A few weeks ago I wrote a couple blog posts about what workers’ compensation insurance is and how to research state laws to determine whether farms are exempt from workers’ comp. To summarize, workers’ comp protects the employer from civil lawsuits and protects the employee from uncompensated injuries. Workers’ comp can be a good deal for farmers, although some states don’t require all farmers to carry the insurance.

Many states do require farmers to carry workers’ compensation. Every farmer needs to know what the rules are, because ignorance of the law is no excuse in the courtroom. Also, the state law will very likely prohibit an employee from waiving workers comp coverage, which means that, regardless of the reasons, farmers and their employees cannot agree to forgo workers’ comp.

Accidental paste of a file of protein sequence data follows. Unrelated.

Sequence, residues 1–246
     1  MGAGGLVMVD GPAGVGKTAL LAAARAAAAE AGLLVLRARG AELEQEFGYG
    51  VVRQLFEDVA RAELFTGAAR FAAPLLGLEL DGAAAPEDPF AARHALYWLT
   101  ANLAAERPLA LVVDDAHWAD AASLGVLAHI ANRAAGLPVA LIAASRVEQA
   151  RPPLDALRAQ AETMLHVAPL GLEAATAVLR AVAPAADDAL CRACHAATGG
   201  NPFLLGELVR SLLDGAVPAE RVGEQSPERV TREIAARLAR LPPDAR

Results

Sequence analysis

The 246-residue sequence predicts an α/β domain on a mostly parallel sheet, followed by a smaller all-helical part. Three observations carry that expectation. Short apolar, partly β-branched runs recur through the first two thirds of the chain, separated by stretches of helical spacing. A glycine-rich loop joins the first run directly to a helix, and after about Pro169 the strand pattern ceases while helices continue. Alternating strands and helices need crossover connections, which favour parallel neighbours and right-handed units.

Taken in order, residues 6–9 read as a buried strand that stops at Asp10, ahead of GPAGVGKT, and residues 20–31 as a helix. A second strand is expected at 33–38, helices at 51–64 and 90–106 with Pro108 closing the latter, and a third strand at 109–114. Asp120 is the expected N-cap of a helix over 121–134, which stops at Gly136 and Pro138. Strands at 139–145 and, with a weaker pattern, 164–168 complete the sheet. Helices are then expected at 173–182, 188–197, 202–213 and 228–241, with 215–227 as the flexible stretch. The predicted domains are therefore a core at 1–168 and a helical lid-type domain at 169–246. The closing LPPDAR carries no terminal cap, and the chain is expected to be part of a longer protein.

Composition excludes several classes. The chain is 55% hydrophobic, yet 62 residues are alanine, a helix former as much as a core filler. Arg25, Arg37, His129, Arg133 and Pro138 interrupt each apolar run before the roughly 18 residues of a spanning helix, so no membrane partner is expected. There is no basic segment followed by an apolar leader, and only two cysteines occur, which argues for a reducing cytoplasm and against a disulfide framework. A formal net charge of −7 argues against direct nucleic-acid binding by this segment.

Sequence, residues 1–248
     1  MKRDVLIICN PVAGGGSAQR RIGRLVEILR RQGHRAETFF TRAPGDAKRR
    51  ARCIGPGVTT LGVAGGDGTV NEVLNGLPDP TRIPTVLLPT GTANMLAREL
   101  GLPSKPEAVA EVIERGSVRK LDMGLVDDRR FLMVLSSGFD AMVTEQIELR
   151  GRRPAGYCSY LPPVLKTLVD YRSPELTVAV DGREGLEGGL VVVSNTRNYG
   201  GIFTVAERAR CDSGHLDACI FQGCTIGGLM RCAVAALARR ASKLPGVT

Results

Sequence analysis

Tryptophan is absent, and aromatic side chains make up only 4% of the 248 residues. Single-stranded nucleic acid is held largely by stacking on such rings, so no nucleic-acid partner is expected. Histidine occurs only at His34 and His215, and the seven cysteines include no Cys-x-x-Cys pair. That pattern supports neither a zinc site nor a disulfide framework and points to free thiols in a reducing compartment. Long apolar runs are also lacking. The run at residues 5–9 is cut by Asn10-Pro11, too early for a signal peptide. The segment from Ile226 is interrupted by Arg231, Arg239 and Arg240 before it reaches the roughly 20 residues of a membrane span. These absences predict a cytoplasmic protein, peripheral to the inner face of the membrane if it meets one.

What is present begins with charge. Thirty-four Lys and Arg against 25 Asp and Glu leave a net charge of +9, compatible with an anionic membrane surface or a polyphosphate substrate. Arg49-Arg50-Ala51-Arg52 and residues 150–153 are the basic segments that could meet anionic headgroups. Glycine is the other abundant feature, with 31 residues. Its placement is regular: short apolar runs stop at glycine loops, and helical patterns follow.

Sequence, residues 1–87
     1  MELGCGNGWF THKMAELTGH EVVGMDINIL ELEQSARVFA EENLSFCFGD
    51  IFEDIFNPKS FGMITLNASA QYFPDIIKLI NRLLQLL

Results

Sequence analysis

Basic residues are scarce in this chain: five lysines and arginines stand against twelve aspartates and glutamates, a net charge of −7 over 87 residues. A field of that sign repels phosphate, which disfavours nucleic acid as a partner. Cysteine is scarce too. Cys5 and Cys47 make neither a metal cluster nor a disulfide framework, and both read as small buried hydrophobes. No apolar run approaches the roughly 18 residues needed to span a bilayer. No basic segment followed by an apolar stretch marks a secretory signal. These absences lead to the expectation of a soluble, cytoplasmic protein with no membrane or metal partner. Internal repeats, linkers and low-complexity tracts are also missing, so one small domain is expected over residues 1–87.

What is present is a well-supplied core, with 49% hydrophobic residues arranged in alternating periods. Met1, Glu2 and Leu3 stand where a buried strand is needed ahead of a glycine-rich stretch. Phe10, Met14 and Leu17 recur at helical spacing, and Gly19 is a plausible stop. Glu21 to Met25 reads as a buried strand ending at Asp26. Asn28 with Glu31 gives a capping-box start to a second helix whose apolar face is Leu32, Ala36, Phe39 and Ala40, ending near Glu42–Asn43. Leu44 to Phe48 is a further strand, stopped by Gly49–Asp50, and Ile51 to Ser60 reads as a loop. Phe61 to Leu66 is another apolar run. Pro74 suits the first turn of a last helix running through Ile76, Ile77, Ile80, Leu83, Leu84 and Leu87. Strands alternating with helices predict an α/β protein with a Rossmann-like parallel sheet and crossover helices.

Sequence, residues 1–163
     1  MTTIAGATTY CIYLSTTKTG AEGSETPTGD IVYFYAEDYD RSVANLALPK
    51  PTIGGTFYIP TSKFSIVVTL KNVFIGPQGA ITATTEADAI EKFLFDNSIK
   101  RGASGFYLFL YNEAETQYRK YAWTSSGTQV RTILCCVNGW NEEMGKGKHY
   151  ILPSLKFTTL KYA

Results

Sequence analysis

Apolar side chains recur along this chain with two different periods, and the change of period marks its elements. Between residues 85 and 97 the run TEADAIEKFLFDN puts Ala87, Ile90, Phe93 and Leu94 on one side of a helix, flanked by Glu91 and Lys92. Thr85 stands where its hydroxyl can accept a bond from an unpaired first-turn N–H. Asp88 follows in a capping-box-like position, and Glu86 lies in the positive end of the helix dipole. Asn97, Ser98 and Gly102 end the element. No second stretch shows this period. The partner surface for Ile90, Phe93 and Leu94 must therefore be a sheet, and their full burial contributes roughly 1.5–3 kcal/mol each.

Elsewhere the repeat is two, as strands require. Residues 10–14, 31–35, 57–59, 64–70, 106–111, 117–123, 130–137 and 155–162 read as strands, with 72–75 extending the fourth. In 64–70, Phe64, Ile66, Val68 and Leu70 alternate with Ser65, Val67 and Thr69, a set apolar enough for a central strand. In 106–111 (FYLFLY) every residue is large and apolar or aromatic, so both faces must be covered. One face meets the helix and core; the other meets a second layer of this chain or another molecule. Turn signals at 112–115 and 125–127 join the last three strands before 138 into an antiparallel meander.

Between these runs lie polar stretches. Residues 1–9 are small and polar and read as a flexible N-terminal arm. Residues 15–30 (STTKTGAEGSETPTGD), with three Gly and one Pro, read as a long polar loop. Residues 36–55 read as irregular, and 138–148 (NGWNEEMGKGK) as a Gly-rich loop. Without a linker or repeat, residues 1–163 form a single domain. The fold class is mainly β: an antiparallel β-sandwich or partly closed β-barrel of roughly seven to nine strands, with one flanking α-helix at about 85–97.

Farmers might think, “Ok, I won’t put it in writing or anything. I’ll just ask my employees to carry their own health insurance and, if they are injured, they’ll use that.”  That probably won’t work in case of an injury, because once the health insurance company catches wind that the employee was injured on the job, they’re likely to refuse to pay compensation and a lawsuit will follow.

There’s no way around it: If workers’ comp is required, buy it. Just in case a farmer needs additional motivation, I’ll list some of the state penalties for failing to carry workers’ comp. I, like many farmers, am a risk-taker and it takes quite a bit to scare me. But I was scared in a hurry when I read some of these penalties. Here’s a sampling: